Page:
Francis was a bad boy.
You probably know the kind I mean.
You’ve probably met the kind I mean.
Some of you have probably BEEN the kind I mean.
He was wealthy.
He was “high spirited.”
Francis was one of those slight and not physically strong boys who makes up for it in charisma, gathering lots of friends with his sense of adventure and his ability to fund it with Daddy’s allowance. He was the kind of boy who stays out late at night finding all the fun there is to be had, the kind that annoys law abiding citizens.
Francis was a “boys will will boys” kind of bad boy.
The kind that gets carried away and finds themselves on the front page when things go too far.
His future was set. He would carry the family textile business to the next level, cementing its connections with the families of those other boys around him.
It was only expected that he would test himself by going off to war when his city came into conflict with another. So Francis picked up the weapons of war and went off to be a soldier. He was a prisoner of war for a year before Dad heard about it and sent money to bail him out.
Give Francis credit, he didn’t run right home. No, it was on the way back to battle that he had the vision that turned him around. (Did you know that ‘repent” means literally to turn around?).
The vision sent him down the road to home, not because he was afraid of fighting, and not because he missed the comforts of home, but because Francis caught a vision of something more valuable, or because a vision of something more valuable caught Francis, he turned toward home looking for God.
He ran away from it all:
The late nights with the boys
His father Pietro’s plans.
Francis was a kind of reverse prodigal.
While he was running toward home,
he was moving away from what home expected of him.
When he got there, his frustrated father didn’t know what to do with this turned around son. So he put him to work as a shop boy instead of bosses' apprentice.p This made it easier for Francis to sneak out and try to follow where the vision led him. He went to the corners of the town that he used to pass by with his friends (or stop just long enough to poke fun). He looked for the widows, the orphans, the poor, the abused. He took the stories and teaching of Jesus very seriously.
This was not what his father had in mind when he bailed his son out.
One day Francis came on a small stone church that was falling down. It was a time when money was flowing in other directions, not toward the once proud churches that held the community together. The priest was doing his best, but just couldn’t seem to find a way to pull it together, literally. (Pastor are rarely if ever called and equipped to save a church alone).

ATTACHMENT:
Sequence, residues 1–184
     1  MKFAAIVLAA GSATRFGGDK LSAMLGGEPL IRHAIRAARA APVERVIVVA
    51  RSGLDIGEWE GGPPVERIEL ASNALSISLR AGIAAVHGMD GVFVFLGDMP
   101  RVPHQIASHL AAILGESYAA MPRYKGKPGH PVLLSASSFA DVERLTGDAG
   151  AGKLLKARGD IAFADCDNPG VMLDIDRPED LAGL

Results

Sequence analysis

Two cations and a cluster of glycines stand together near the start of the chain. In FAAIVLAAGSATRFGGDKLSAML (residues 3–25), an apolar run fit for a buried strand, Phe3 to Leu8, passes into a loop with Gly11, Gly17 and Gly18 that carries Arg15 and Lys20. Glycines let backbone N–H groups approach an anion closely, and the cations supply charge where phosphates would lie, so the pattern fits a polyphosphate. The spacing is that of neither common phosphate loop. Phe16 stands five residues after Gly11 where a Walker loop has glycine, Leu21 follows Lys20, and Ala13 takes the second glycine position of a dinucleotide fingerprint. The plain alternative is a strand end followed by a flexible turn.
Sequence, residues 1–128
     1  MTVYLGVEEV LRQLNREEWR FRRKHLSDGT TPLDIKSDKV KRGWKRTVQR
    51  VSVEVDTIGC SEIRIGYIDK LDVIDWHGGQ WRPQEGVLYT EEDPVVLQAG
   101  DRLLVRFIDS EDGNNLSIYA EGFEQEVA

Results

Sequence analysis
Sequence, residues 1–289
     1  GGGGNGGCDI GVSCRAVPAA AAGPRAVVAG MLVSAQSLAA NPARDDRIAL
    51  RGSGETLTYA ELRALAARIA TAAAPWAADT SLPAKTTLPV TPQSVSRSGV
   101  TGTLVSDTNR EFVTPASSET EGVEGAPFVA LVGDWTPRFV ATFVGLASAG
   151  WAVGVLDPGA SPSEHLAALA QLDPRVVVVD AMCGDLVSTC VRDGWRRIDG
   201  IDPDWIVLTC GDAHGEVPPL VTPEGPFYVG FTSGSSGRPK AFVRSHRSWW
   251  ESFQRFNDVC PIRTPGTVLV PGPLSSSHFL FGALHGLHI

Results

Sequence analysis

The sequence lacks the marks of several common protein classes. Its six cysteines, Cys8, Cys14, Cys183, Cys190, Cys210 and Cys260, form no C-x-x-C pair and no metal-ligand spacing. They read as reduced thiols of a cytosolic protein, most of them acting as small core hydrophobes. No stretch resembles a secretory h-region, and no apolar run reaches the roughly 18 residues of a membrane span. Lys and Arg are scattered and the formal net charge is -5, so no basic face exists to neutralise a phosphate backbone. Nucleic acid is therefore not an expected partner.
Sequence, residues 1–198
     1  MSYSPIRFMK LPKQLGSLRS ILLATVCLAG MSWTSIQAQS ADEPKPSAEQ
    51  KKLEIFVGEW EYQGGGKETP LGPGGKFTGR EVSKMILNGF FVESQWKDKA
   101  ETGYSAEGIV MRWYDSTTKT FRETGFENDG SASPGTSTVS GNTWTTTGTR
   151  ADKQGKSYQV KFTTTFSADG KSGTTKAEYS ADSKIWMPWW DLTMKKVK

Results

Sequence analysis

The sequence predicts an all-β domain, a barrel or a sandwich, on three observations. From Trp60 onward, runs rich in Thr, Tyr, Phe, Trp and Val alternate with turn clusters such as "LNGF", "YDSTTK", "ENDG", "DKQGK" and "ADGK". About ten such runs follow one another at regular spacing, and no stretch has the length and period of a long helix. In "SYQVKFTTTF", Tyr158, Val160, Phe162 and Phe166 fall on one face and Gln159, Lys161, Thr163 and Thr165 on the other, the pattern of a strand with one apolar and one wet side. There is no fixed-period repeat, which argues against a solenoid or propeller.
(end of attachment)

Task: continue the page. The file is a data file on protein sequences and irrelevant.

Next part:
Francis thought about the priest’s predicament and came up with a clever solution. He simply walked off with one of the valuable bolts of cloth from the family shop, where he had ready access, and sold it for a tidy sum. Which he then ran back and attempted to deposit in the priest’s hand.
The priest, being older and wiser, and knowing the reputation of Francis’ father, refused to take the money. When a crestfallen Francis returned home working on plan B, his furious father had a plan of his own. Tired of the escalating conflict between them and accusing his son of theft, he brought him to trial in the town square. There must have been quite a crowd in the center of Assisi that day, watching the golden boy brought to ruin.
Francis, forced to return the money he had creatively “found,” and disowned by his disgusted father, gave it all back to his dad that day. He stripped the clothes from his back and strode naked from the square.
Wealth was his greatest challenge, the obstacle that stood between him and his vision. So he chose poverty. He became “the poor idiot” free to follow the vision.
Francis of Assisi (I suspect you’ve already figured out who I’m talking about) would name one other event as a defining episode in his life.
As he continued to try to live the life that Jesus led he grew more confident and comfortable in the presence of the poorest of the poor, angry at their conditions, but able to be with them. Until one day he came upon a fear that lay hidden deep with in him.
In those days, lepers, covered with ugly skin lesions, lived on the fringes of society as untouchables. Decent folks had a visceral aversion to encountering them. At his heart, Francis was the child of a decent, emerging upper middle class home. When he came face to face with a leper one day, Francis came face to face with the part of him that put the brakes on.
But to follow the vision, a vision of God’s world where all are beloved and of value, Francis had to move forward. The day he emptied his pockets into the leper’s hand but was not satisfied with the economic exchange, the day Francis leaned forward and kissed the leper, was the day God's vision opened up for him completely.
What was your greatest challenge this week?
Mine was setting up a new laptop- time consuming, aggravating, a revelation of my own ignorance and impatience.
What was yours?
Francis had lots to choose from:
His old friends acted as if he didn’t exist once the money dried up.
His father disowned him.
His poor health made it difficult to live as a poor itinerant preacher.
His growing followers tried to make him into someone he wasn’t meant to be.
But the challenge he chose to face was kissing the leper with the peace of Christ.
Choose Your Challenge
Choose Your weapons (Ephesians 6: 10-18)
James chose to wild the sword of truth against arrogant privilege and callous injustice
Francis-poverty against the pitfalls of wealth
Karen L Munson
United Methodist Pastor & Liturgical Artist